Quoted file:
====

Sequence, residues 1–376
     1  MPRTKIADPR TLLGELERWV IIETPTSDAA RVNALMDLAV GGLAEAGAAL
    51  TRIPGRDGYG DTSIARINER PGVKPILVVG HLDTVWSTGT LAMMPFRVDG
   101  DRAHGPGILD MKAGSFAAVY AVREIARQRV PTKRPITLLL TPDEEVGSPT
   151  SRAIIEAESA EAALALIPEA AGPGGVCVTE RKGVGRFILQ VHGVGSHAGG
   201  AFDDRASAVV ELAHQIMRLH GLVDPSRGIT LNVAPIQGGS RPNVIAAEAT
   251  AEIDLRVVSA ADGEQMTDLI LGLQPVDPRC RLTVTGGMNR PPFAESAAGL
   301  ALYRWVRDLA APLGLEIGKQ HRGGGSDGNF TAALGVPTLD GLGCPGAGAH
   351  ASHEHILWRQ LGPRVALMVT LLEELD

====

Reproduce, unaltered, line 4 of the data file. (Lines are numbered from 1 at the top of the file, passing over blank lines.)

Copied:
   101  DRAHGPGILD MKAGSFAAVY AVREIARQRV PTKRPITLLL TPDEEVGSPT